A small proportion of people experienced bone loss after starting daily tenofovir disoproxil fumarate/emtricitabine (TDF/FTC; Truvada or generic equivalents) for pre-exposure prophylaxis (PrEP), and those who were more adherent saw a greater effect, according research presented at the Conference on Retroviruses and Opportunistic Infections (CROI 2022).
It is well known that TDF is associated with bone loss in people using it as part of a combination regimen for HIV treatment, but there is less evidence on its effects in HIV-negative people taking it for prevention. Some prior studies showed people on PrEP experience modest bone loss (which may be a particular concern for young men), but this resolves after stopping TDF. The newer tenofovir alafenamide/emtricitabine (TAF/FTC; Descovy) is easier on the bones and kidneys but more associated with wight gain and elevated lipids; with no generic equivalent, it is also a costlier option.
Dr Joseph Chang of Kaiser Permanente Medical Center in Los Angeles and colleagues conducted a retrospective analysis to assess the association between FTC/TDF PrEP and bone loss.
The study included 7,698 adults in Southern California who used FTC/TDF for PrEP from 2012 to 2020. Nearly all were men, and about a third each were in the 18-29 and 30-39 age groups. About a third were White, 40% were Latino, 10% were Asian and 7% were Black. About 40% had good adherence, as indicated by a ‘proportion of days covered’ (PDC) by PrEP in the 90% to 100% range, while about 60% had suboptimal adherence below 90%.
The participants had no prior history of osteoporosis (substantial bone loss) or osteopenia (mild bone loss) as indicated by a T-score of -1 or less. However, they had all undergone DEXA bone scans at some point during the study. In response to a question, Chang said DEXA scans were not part of routine PrEP monitoring and the researchers did not look at the reasons why people had the scans, leaving open the possibility that this group may have been at higher risks for bone problems than the overall population using PrEP.
Over an average follow-up period of 502 days, 217 participants (3%) developed osteopenia or osteoporosis. The researchers noted that this is similar to the rate among HIV-positive people using TDF/FTC for treatment.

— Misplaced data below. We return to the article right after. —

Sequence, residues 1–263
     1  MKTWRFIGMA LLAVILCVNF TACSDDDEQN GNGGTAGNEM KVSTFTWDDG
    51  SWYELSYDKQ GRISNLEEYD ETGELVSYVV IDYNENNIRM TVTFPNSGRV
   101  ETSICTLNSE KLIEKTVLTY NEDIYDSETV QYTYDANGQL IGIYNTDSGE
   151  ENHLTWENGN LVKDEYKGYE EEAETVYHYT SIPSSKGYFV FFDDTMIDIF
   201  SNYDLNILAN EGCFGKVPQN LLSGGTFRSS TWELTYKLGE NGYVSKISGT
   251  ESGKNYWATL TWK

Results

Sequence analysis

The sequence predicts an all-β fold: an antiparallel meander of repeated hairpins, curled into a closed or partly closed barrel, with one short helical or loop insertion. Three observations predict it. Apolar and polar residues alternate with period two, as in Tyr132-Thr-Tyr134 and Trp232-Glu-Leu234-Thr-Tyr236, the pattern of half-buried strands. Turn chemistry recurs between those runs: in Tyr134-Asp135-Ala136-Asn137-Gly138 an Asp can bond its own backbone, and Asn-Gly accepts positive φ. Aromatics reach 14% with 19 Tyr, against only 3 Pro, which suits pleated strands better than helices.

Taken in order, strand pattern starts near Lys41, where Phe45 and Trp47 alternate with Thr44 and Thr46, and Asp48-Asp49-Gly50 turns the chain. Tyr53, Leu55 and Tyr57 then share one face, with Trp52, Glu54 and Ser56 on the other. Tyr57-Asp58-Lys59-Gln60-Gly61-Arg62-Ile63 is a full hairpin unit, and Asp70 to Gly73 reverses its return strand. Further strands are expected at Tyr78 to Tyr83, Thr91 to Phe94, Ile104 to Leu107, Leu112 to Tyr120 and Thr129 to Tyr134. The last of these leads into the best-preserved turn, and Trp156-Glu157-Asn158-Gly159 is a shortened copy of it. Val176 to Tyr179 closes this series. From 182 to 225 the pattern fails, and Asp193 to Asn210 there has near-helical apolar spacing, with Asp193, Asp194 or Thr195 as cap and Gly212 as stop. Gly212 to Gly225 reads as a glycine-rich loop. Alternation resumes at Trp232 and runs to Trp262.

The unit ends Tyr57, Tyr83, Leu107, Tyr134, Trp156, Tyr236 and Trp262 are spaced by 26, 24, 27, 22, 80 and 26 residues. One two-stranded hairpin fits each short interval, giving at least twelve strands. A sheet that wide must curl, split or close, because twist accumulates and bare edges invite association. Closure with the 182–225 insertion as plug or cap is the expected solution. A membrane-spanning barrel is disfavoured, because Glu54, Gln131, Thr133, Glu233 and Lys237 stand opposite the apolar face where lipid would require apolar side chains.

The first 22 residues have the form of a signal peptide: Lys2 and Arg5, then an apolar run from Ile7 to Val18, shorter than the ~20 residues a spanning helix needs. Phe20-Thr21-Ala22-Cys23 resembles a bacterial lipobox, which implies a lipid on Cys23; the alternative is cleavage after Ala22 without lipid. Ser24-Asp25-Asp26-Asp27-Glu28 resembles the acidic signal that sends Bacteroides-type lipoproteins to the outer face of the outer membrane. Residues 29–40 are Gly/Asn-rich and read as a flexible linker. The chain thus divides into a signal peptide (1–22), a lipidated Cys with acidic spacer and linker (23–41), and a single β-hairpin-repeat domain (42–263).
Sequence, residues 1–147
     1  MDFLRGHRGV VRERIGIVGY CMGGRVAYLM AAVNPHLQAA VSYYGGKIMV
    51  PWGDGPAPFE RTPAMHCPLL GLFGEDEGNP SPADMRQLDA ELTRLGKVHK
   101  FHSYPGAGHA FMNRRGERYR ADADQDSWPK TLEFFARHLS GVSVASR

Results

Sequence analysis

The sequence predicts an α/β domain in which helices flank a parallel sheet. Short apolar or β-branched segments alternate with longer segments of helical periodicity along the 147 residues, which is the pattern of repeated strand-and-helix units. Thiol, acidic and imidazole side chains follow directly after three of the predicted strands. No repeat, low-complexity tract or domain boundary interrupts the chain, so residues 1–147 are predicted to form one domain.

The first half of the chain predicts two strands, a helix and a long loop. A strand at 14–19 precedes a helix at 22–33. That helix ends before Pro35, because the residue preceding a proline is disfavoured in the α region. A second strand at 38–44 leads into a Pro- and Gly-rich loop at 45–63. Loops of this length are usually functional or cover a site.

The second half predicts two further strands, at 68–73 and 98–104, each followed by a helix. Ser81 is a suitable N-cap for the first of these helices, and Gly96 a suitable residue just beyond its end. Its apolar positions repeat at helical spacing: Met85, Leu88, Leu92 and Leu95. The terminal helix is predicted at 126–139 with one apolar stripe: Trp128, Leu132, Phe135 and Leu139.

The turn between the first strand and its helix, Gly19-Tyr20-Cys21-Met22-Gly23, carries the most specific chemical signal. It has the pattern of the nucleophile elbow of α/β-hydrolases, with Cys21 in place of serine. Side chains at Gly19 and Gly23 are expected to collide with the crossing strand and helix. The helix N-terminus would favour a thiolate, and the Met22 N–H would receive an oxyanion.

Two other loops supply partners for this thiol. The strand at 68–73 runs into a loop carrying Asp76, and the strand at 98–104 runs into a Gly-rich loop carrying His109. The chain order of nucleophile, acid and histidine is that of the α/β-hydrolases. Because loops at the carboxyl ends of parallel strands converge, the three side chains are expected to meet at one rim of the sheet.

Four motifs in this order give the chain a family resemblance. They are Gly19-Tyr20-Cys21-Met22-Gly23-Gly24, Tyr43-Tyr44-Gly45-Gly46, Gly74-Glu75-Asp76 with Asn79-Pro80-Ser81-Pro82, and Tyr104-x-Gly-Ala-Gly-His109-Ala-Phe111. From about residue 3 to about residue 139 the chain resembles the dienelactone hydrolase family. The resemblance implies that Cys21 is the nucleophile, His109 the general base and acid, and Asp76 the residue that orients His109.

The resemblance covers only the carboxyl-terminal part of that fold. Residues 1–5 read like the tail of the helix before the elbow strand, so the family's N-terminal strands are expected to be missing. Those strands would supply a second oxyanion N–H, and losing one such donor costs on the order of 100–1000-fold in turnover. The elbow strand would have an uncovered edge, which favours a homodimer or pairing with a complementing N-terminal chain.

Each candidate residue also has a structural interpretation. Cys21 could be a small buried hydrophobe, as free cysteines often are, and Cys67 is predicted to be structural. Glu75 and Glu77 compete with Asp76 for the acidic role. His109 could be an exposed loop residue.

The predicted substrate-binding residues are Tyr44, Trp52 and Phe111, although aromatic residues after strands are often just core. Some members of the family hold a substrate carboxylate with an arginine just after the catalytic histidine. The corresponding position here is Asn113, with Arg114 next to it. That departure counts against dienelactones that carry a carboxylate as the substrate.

An initial analysis found that people with hepatitis B, cardiovascular disease, chronic kidney disease, impaired kidney function or hypertension were more likely to experience bone loss, but these factors were not statistically significant in an adjusted multivariable analysis.
Only people with better adherence to PrEP remained at greater risk for bone loss in the fully adjusted analysis. People in the 90% to 100% PDC category were significantly more likely to be diagnosed with osteopenia or osteoporosis compared to those with lower PDC adherence levels. In fact, more than 90% of those with osteopenia or osteoporosis were in the 90%-100% PDC category compared with 9% in the <90% adherence category. Obesity and younger age were associated with a lower risk of osteopenia or osteoporosis.
Reassuringly, no new cases of HIV were detected during the study period, even among participants with less than 90% adherence.
Based on these findings, the researchers suggested that counseling on the incidence of osteoporosis and osteopenia as well as routine screening should be considered for people starting daily TDF/FTC for PrEP. “Annual to every other year DEXA may be advisable,” Chang said.
Because the amount of time spent on TDF/FTC was the strongest risk factor for bone loss, they also suggested that future studies should explore whether on-demand or event-drive PrEP – in which the TDF/FTC pills are taken before and after sex rather than daily – might mitigate the risk of serious adverse effects.
Chang JC et al. A retrospective analysis of bone loss in emtricitabine/tenofovir therapy for HIV PrEP. Conference on Retroviruses and Opportunistic Infections, abstract 840, 2022.